Two Tiny Earth House Domes Built for Less Than $7500
Natural plasters have a long vernacular tradition in many cultures around the world. They are re-surging in popularity in some parts of the western world, with the rise of Rammed Earth building techniques.
These Earth Domes featured in the image are each less than 10 square meters and sit in New Zealand. The domes are built using a technique called earth bag construction, where heavy bags are filled with things like rocks, sand and clay, and then compacted down. Lying somewhere between a paint and a plaster, clay finish is a ready made product that provides an attractive and unusual internal decorative surface. The rough texture finish and subtle natural tints of the product are quite unique, and it has the advantage that both the final texture and color are applied in a single time saving operation.
Clay finish is produced in white and four basic colors and can be blended to give you a broad palette of colors to choose from. In the images of this home from the link below you will see that these houses are built to expose some of the wood work on the interior. With the contrast of the clay and the wood you will appreciate the coming together of these two grounding experiences. You will also find some adorable windows. As the 'eyes' of the house, windows play an important part in the design of your natural home. Think about the function you want each window to fulfill. One of the main jobs in a tiny home is to ensure that the windows are designed to face the sunny sides and maximize your exposure to natural light and heating that comes with it. This does not mean that the whole walls have to be windows, but you will want to put most of them on the south side. Design on a 12-month plan to take maximum advantage of how the sun changes position in the sky.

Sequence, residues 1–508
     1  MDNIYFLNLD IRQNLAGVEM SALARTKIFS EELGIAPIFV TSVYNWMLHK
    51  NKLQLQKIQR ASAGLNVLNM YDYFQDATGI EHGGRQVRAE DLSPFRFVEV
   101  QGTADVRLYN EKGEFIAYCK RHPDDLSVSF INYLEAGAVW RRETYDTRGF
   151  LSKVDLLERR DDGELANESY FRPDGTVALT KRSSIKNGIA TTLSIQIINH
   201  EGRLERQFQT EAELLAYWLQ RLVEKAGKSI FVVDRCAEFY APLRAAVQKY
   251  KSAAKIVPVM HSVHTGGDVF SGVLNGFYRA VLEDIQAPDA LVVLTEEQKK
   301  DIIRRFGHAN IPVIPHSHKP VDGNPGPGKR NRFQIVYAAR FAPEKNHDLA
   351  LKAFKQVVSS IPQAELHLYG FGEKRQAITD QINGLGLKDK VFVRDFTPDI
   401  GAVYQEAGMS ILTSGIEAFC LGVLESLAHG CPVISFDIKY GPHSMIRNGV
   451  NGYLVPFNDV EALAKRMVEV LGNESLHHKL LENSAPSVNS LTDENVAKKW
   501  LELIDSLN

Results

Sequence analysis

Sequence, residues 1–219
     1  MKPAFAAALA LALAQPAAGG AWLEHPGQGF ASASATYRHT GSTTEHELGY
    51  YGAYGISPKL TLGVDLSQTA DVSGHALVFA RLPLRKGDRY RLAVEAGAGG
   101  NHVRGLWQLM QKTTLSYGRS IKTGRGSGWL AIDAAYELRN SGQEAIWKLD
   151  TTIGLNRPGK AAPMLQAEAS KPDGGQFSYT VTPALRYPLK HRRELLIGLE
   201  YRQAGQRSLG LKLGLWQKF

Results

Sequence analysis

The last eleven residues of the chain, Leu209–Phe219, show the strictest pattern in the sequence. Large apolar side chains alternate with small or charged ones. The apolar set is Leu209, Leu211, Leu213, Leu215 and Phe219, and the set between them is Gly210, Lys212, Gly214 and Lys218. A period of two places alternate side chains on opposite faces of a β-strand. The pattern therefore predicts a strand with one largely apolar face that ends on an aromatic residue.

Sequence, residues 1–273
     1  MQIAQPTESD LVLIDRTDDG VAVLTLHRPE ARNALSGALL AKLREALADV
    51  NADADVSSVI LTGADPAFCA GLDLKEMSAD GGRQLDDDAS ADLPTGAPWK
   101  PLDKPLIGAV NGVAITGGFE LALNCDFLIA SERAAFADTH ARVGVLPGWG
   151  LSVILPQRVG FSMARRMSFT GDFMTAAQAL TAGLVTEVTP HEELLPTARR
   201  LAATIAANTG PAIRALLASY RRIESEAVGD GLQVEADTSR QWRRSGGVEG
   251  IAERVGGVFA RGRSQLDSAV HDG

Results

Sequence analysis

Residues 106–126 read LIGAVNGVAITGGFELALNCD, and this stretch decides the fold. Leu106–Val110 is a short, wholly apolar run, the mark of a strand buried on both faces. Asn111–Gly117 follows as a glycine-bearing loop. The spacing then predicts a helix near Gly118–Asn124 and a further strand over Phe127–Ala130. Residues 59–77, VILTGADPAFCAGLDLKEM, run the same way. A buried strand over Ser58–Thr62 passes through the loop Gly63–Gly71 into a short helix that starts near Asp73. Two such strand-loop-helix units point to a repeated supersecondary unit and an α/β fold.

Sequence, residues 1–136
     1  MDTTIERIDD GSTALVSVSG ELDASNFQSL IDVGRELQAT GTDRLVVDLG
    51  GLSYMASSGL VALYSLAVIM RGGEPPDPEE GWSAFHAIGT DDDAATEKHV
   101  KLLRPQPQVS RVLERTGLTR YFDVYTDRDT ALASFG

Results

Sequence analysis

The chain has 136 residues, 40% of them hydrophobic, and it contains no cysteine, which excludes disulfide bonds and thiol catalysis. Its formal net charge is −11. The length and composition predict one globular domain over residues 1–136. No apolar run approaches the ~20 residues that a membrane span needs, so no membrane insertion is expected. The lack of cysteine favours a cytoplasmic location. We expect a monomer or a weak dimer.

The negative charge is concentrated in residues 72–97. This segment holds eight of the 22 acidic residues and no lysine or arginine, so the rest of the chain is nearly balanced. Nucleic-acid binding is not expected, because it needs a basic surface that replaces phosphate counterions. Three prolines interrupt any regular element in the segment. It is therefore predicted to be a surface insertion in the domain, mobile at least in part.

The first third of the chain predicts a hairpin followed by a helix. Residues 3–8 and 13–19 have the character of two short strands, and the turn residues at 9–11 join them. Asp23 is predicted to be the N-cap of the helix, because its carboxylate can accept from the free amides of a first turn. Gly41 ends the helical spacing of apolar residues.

For more images of these two tiny earth house domes, check out the link below to 'Living Big in a Tiny Home'.
Learn MORE at Living Big in a Tiny House
Check out some additional photos here: View photo gallery.